The Sabbatical Year: God Rules Over Us
The opening commandment in this week’s parsha deals with shemitta – the
sabbatical year for the Land of Israel when the ground was to be allowed to
lie fallow and the farmer abstained from his regular routine of work. The
traditional commentators to the Torah emphasized that even though the ground
and farmer would benefit in the long run from the year’s inactivity this was
not the reason for the commandment.
There are always side benefits from obeying the commandments of the Torah
but these are never the reason or the basis for the commandment itself. The
underlying lesson of the sabbatical year is its obvious kinship to the
weekly Sabbath. Just as every seven days brings with it a holy day of rest,
so too does a holy sabbatical year bring with it a rest for the earth itself.
And, to continue this obvious comparison between these two Sabbaths, just as
the weekly Sabbath is meant to remind us of God’s creation of the universe
so too does the seven year Sabbath testify to God’s omnipotence and presence
in all of our human affairs.
The foundation and basis of all of Jewish faith and belief in its Torah is
the necessity of human acknowledgment of God’s role in our lives and in His
ability to instruct us how to live. Since the weekly Sabbath sometimes is
taken for granted for it becomes such an accustomed and regular part of our
existence, the seven year Sabbath comes to jolt us out of our complacency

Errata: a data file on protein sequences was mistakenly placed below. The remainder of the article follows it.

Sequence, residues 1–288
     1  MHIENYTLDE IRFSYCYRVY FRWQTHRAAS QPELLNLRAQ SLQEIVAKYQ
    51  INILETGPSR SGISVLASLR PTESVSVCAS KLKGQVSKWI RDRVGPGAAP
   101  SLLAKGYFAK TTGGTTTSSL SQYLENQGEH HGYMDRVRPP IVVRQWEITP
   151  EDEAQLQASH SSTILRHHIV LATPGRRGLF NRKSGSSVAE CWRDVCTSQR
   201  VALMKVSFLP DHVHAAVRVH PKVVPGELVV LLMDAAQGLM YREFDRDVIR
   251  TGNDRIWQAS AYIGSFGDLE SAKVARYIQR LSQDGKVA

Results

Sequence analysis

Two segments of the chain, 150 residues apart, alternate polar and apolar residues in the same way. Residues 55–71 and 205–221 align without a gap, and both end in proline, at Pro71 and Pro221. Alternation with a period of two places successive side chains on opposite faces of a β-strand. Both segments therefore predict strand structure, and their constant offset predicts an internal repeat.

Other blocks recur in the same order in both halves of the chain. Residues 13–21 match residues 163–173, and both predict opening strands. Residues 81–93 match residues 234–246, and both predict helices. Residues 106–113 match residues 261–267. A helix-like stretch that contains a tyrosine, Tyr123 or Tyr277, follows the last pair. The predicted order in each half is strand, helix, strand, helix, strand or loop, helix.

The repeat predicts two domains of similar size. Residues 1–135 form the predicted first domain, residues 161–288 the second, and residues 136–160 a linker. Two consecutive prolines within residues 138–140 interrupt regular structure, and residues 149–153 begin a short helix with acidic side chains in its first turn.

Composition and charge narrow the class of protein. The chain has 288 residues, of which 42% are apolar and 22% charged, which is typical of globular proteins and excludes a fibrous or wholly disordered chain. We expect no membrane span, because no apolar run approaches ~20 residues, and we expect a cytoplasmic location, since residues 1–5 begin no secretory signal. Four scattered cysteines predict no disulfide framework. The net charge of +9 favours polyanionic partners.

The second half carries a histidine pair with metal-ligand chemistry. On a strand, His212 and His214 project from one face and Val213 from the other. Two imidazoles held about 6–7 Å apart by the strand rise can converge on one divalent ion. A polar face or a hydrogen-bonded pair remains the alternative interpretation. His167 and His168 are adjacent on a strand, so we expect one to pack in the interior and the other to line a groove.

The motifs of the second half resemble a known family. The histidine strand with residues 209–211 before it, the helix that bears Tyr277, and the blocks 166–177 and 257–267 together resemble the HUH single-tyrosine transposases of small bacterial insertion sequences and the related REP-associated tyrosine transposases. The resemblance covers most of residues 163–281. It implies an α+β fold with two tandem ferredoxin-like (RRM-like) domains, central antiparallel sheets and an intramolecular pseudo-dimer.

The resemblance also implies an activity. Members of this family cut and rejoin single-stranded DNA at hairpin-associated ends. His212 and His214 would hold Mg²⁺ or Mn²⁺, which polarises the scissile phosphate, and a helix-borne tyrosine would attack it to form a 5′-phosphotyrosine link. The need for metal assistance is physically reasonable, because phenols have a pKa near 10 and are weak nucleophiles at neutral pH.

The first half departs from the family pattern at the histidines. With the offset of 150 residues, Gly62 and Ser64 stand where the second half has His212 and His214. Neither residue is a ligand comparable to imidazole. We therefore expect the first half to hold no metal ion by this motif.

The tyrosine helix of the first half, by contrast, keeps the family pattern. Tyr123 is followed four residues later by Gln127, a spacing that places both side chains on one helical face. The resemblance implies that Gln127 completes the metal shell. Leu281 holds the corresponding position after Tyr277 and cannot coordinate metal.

and to have us recognize clearly, once again God’s rule over us.
Shemitta has always been a difficult test of faith for the Jewish people.
Even in Temple times it appears that the commandment was never fully
fulfilled. There are many reasons for this apparent laxity in observance,
the most obvious one being the seeming impracticality of its observance.
The Torah promised prosperity because of shemitta observance but the people
feared the practicality of observing this commandment properly. In our time
the shemitta remains a contentious topic with various halachic solutions
being advanced and implanted, all in effect circumventing the true basic
observance of the commandment itself.
Apparently the commandment was meant for a more perfectly faithful society
than the one we have ever been successful in achieving. Nevertheless, the
challenge posed by the shemitta remains omnipresent in Jewish life. As long
as there is not a proper balance between human effort and ultimate faith in
the Almighty we remain a somewhat dysfunctional society.
The shemitta reminds us of our dependence upon God and on factors that are
not within our human power to control. It forces us to renew our weekly
sabbatical testimony as to the creation and guidance of our world and its
events. Even if we are unable to fulfill the shemitta commandment fully as
of yet, the idea behind it demands our discipline and understanding. The
weekly Sabbath is the basic day of Jewish observance. The seven year Sabbath
reinforces this basis of all Torah observance.
Rabbi Berel Wein